This month we want to get a broader sense for what law firms’ future plans are regarding mergers and acquisitions.  In that context, we want to examine the factors strongly influencing the search for (and evaluation of) merger and acquisition candidates.  And, for those firms that are not pursing strategic combinations, to get a sense for the strategic considerations that went into the decision to forego mergers for the time being.

The survey embedded below (click here if you do not see the survey in the box) is entirely confidential and should take no more than two minutes to complete.  Deadline to respond is midnight, Saturday, April 28, 2012.  Thank you for your continuing help with these monthly strategy surveys.




This month we looked at law firms’ plans relative to profit improvement. Specifically, we asked law firm leaders which profit drivers they planned to use to improve profitability at their own firms over the next few years. We also asked each to share his/her expectations regarding profit growth in the next three years.

Starting with expectations, we were pleased to see a measured optimism coming from the overwhelming majority of law firms. Only about 11% of firms expect their annual profits to be flat or declining over the next three years. Conversely, roughly 60% expect profits to rise modestly (i.e., less than five percent) annually each of the next three years. None, however, expect robust profit growth of greater than 10% annually.


What strategies do firms expect to drive that measured profit growth? Two profit drivers were stood out as preferred strategies for the coming years – increased production (i.e., billable time) and improved realization. Meanwhile, increased leverage was far and away the least preferred profit improvement strategy – in fact a quarter of respondents consider increased leverage to be “not a viable driver for profit growth at our firm.”


These findings represent a marked departure from profit growth strategies of the past two decades.

  • In the 1990’s (and the late 80’s as well), leverage was considered something of a “holy grail” for driving profits – it is now the least preferred approach to growing profits.
  • In the pre-recession years of the 2000’s, rate increases drove profit improvement. Rate increases are now a somewhat distant third – and are even less important among firms expecting the most robust (5-10%) profit growth.
  • Tighter standards for equity partnership – including de-equitizations and wide-spread adoption of two tier partnership structures – were an important driver of PPEP across both decades. That strategy appears to have waned as well. As a profit improvement strategy, it rates nearly as low as leverage – and, over 20% of firms do not consider it to be a viable profit driver for their firm.


Looking at the most optimistic firms responding to the survey (i.e., those expecting profits to grow five to ten percent annually) – and comparing them to everyone else – reveals that those firms are pursuing a somewhat different strategy. Namely, the most optimistic firms plan to put a much greater emphasis on improving realization (they rate realization as a strategy more than 20% higher than their peers in other firms).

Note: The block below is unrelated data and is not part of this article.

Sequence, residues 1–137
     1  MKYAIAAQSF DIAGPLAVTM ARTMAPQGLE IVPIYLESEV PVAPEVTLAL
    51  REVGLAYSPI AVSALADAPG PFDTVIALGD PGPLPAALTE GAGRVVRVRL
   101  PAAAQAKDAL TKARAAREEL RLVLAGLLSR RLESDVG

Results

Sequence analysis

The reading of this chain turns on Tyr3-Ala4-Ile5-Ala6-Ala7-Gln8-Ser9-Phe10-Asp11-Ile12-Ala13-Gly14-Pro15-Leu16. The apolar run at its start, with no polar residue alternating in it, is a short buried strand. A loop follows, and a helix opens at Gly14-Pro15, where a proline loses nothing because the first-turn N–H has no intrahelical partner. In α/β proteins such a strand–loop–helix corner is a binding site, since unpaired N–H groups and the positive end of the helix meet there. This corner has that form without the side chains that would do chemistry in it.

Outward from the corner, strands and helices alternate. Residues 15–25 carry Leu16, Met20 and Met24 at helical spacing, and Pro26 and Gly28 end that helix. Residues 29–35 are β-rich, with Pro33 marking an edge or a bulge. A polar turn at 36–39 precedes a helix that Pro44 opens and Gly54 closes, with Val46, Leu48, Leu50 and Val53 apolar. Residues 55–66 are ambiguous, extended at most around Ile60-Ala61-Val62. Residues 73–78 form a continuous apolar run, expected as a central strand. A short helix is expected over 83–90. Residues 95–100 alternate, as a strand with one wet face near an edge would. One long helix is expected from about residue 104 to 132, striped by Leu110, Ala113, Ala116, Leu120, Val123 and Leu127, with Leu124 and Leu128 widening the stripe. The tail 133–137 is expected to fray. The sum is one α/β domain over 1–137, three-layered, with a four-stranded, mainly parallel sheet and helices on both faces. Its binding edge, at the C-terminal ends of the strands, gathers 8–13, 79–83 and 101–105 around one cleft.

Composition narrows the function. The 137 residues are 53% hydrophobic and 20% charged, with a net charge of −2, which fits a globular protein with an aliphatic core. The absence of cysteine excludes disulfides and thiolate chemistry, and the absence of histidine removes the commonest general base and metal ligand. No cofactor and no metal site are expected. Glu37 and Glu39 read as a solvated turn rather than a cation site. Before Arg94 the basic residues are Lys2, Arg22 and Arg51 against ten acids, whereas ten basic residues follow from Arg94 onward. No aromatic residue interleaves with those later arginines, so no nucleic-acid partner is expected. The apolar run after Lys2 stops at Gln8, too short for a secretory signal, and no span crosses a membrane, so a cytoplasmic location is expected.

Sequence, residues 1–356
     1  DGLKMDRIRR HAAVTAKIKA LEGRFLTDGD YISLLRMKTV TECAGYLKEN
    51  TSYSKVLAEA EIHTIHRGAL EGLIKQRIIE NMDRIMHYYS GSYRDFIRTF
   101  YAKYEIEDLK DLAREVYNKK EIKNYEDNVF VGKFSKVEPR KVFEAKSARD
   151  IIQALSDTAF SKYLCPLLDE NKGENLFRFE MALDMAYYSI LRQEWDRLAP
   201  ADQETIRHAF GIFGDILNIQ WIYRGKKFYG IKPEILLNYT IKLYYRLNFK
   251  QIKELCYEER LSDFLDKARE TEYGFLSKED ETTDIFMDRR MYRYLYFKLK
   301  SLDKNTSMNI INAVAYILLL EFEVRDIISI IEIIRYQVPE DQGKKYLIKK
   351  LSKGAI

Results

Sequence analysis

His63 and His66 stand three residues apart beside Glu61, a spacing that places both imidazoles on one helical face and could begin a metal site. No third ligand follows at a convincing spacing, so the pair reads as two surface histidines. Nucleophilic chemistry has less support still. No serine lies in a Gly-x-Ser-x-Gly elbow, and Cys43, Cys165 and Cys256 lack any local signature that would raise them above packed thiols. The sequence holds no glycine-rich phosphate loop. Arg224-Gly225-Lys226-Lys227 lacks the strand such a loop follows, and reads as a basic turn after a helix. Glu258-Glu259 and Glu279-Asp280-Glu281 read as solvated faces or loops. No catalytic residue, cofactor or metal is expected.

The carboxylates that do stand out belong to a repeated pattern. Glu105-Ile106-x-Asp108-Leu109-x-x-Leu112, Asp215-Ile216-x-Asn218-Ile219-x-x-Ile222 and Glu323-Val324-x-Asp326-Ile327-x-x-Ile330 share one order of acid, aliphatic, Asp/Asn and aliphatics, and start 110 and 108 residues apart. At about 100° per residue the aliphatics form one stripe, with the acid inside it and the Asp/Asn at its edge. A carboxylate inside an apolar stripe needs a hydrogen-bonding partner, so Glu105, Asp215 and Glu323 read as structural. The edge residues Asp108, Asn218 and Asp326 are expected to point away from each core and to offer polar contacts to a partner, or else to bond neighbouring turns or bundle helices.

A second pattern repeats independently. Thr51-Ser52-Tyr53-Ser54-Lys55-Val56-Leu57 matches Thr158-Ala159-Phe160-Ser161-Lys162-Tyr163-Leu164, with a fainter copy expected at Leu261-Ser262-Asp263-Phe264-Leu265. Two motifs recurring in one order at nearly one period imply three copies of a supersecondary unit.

Since the questions made clear that alternative fee arrangements were one means for improving realization, AFAs could be an important part of the most optimistic firms’ strategy. More simply, the more optimistic firms may simply plan to discount less and/or write-off less time. The most optimistic firms were slightly less bullish on raising rates (compared to others), so those firms very well could be focused on charging (and collecting) standard rates.

Given these findings, however, we plan to take a closer look at AFAs in an upcoming “strategy question of the month.” Thanks for participating and for commenting below.


The average ratings regarding profit improvement strategies were based on a four point scale in which:

1 = Not a viable driver for profit growth at our firm
2 = A minor driver of profit growth for our firm
3 = An important driver of profit growth for our firm
4 = A primary driver of profit growth at our Firm

Our response rates continue to grow month to month (thanks again for that). We hope that continues to grow and we encourage you to share your experiences with your peers.

Strategy Question of the Month – Profit Drivers

Most law firm managers are familiar with the primary drivers of profitability – rates (i.e., the standard price per hour for professionals’ time); productivity (i.e., hours worked and recorded); realization (i.e., ability to collect on production at standard rates); leverage (i.e., the ratio of equity partners to other time keepers); and costs (i.e., salaries, benefits, overhead).

In the 1980’s and 90’s, profit growth at many firms was driven by increasing leverage – coupled with modest rate increases and improved financial management.  In the pre-recession years of the aughts, profit growth was driven largely by rate increases.  The “great recession” led many firms to turn to cost reduction – and many found that there was ample fat to be cut from the cost side of the business.

In addition, the high visibility of the American Lawyer’s AmLaw 200 rankings and their ubiquitous measure of profitability on a per equity partner basis (Profits Per Equity Partner or PPEP) has added a dimension to how many firms manage profitability.  Thus, many firms now also actively manage the denominator of PPEP as part of their respective approaches to profit management.

This month we are examining what firms’ priorities are going forward vis-a-vis profit management. Essentially, we are interested in identifying what profit drivers firm leaders believe offer the best prospects for growing profits over the next few years.  Further, we will look at how those profit drivers correlate to expectations vis-a-vis profit growth over the next few years.

Please take two minutes to complete the survey below.  If for some reason your web browser does not support the embedded survey (i.e., you don’t see it in the window below), click this link and you will be taken directly to the survey in a new tab.  Deadline for responses is midnight on March 24th – results will be published the following week.  Thank you for your help with this month’s survey!